In Arthur “Mick” Maine’s case, this word has come to embody the people who came into his life when he needed them most.
In 2008, just a few years after his wife Janine passed away from ovarian cancer, Mick found himself in St. Mary’s where he had just survived triple by-pass surgery. His home became the rooms of the hospital and his family became the nurses, physicians, and volunteers who at one point during his stay, pooled together their money to buy him some new clothes because he had no one else in his life to do so. It was at that moment when Mick experienced a love he hadn’t felt in years. How could people who were once strangers become some of the most valuable people in his life?
The staff became the family I didn’t have for years, and I want my new family to continue their good work of healing for many years to come.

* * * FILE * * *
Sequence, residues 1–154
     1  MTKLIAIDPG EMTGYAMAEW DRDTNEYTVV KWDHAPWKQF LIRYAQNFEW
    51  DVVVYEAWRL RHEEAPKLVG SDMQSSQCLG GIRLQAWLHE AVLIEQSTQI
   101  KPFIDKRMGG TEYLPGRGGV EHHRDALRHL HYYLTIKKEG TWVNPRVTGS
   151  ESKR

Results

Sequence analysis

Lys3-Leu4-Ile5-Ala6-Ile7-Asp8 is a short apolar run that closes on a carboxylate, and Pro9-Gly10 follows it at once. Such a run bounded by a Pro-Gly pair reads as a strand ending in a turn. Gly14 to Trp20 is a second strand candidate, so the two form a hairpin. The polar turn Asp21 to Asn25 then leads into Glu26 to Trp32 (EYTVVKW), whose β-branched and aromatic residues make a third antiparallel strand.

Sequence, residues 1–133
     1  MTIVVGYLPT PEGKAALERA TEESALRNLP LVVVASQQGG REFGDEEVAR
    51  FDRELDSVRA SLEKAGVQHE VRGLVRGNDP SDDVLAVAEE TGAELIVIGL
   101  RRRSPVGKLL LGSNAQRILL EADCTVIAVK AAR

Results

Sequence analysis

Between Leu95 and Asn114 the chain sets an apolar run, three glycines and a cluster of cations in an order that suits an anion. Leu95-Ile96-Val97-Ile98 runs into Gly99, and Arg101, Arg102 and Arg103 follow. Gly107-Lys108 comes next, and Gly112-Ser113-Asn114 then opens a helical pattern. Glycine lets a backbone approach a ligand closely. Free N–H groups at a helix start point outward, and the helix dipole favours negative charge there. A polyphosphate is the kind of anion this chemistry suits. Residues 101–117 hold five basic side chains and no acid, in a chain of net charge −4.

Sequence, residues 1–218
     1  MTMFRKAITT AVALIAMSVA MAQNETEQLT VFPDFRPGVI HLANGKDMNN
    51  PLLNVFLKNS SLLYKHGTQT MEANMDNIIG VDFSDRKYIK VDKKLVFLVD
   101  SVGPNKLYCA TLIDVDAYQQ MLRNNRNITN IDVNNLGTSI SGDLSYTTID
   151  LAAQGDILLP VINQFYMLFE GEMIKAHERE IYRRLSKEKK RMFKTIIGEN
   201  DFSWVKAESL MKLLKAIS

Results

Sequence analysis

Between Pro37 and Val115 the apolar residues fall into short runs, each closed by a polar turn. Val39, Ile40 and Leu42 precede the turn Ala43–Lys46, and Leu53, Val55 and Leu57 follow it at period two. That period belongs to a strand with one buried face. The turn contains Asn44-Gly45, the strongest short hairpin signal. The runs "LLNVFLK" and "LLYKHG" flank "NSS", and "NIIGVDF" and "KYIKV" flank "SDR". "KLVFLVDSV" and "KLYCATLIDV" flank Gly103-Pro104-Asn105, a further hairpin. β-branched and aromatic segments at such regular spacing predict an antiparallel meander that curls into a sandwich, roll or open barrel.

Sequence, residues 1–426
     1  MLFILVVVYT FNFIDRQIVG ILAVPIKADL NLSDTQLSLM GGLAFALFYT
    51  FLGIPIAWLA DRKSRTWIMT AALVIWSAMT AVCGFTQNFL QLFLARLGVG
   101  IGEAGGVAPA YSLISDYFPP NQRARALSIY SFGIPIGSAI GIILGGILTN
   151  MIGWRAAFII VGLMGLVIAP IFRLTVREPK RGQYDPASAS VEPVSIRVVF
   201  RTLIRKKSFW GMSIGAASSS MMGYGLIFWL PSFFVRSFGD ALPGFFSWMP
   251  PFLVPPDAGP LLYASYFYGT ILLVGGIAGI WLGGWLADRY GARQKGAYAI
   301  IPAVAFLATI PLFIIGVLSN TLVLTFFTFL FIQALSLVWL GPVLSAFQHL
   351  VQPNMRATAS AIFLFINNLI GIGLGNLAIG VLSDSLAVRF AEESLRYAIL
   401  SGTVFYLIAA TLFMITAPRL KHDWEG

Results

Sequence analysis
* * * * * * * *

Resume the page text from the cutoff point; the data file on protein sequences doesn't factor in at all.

At St. Mary’s, he came to see how our people understand the importance of not only restoring one’s body, but one’s mind and soul as well. Treating patients not just as names on a chart, but rather, as human beings who deserve respect and dignity is what has become the hallmark of St. Mary’s.
Since his time at St. Mary’s, Mick has become a monthly donor and he has also decided to leave a gift in his will for our hospital. When asked why, he simply replies “the staff became the family I didn’t have for years, and I want my new family to continue their good work of healing for many years to come.”
The word itself remains the same. The definition however, has changed for Mick. We are proud to be a part of his new definition and now, of his legacy.